Member of Parliament for Madina, Francis Xavier Sosu, has revealed that parliament’s passage of law to criminalize accusations of witchcraft, is to ensure that those beliefs and practices held by people are not injurious to other citizens.
According to him, to change society and reform the minds of people require a multifaceted approach. He indicated that one of them must be education, which must be based on a law which serves as a tool for social engineering.
Mr Sosu stated that it must be a tool to shift that part of society and shape the minds of people.
“I believe that a law like this has set the right tone to change the minds of persons… If you look at this bill, it is not seeking to even outlaw the existence and nonexistence of witchcraft. We are not seeking to criminalize freedom of thought and freedom of religion. I think what this bill has done simply is to ensure that all our beliefs and customary practices would be in sync with the 1992 constitution and would ensure that those beliefs and practices are not injurious to other citizens…”Francis Xavier Sosu
As a lead proponent for the passage of the bill, Mr Sosu noted that there have been several instances whereby women who are held in servitude in various witch camps are there because of a single belief which translates into possible action.
He explained that although people are entitled to their beliefs, when they go beyond their belief to now possibly accuse and label other people and seek to use all kinds of ordeal processes of proving or attempting to establish the said accusation, that situation has led to the death of many.
“Many have been excluded from their homes, fled their homes, left their properties and caused so much harm including death. So, we must understand that there will always be an interplay between culture and law. But when you take the 1992 constitution, particularly Article 26, it makes it very clear. It states that all customary practices which dehumanizes or are injurious to the physical and mental wellbeing of a person are prohibited. So, the laws are just enacted to regularize these practices and whatever we believe in to ensure that people are not endangered.”Francis Xavier Sosu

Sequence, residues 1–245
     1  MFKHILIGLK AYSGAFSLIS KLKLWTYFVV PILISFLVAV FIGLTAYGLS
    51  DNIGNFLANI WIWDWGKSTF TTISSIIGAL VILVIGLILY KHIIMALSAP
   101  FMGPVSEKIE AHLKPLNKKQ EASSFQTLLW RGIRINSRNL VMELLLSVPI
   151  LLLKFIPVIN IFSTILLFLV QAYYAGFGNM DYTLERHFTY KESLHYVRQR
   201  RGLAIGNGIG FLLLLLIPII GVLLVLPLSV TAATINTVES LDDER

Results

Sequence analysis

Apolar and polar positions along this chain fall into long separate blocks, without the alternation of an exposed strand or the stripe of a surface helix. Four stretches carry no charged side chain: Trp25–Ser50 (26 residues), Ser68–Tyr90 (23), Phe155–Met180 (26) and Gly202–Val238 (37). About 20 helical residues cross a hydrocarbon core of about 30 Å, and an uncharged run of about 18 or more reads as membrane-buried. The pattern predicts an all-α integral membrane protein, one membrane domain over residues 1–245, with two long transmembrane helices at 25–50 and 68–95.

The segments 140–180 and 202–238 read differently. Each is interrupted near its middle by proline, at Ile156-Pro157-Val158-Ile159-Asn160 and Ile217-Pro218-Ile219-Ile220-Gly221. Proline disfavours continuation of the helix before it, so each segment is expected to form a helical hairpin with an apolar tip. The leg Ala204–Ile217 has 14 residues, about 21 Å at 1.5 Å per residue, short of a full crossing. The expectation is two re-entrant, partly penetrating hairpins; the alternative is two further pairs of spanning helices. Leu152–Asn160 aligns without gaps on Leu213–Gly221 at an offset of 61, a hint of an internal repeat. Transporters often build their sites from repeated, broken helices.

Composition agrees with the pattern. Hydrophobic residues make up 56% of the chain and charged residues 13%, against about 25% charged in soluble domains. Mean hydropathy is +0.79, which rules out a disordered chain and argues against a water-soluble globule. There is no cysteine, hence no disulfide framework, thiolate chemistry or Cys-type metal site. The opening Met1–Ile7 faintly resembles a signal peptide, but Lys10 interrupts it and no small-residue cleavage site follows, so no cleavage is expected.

Reintegrating victims of witchcraft accusations
Commenting on how government will address the issue of such accusations being ingrained in communities where it is practiced, especially as the victims have found a haven in these camps, Mr Sosu noted that the reasons why people end up in those camps in the first place is as a result of accusations and labelling. With this, he explained that once government criminalizes such accusation and labelling, then those camps will “naturally run dry”.
This, he highlighted, is because government is truncating the process of creating camps and the process of getting people into places like that.
“Indeed, historically, the essence of those camps were to provide some haven for persons who have been labeled or accused. However, when you go to site and you actually visit these camps, like I have been to these camps with our stakeholders and other sponsors of this bill, it is obvious that these women are being held in servitude. Secondly, they live in very deplorable and dehumanizing conditions. Most of these women who may either be farmers formerly or doing their own trade, suddenly lose the opportunity to trade and farm…”Francis Xavier Sosu
Elaborating on the way forward, the legislator for Madina revealed that the law which criminalizes witchcraft makes room for reintegration, which is supposed to be led by the minister for Gender, Children, and Social Protection. He emphasized that the reintegration may be multifaceted but supported by the various CSOs that support this very work.
“It could be that some of those camps which have become like communities could be reformed. We could have alternative livelihood opportunities for them and those who are willing to move to their homes or resettled in other places, we ensured that they are resettled in those places. The whole essence of the law is to protect the most vulnerable…”Francis Xavier Sosu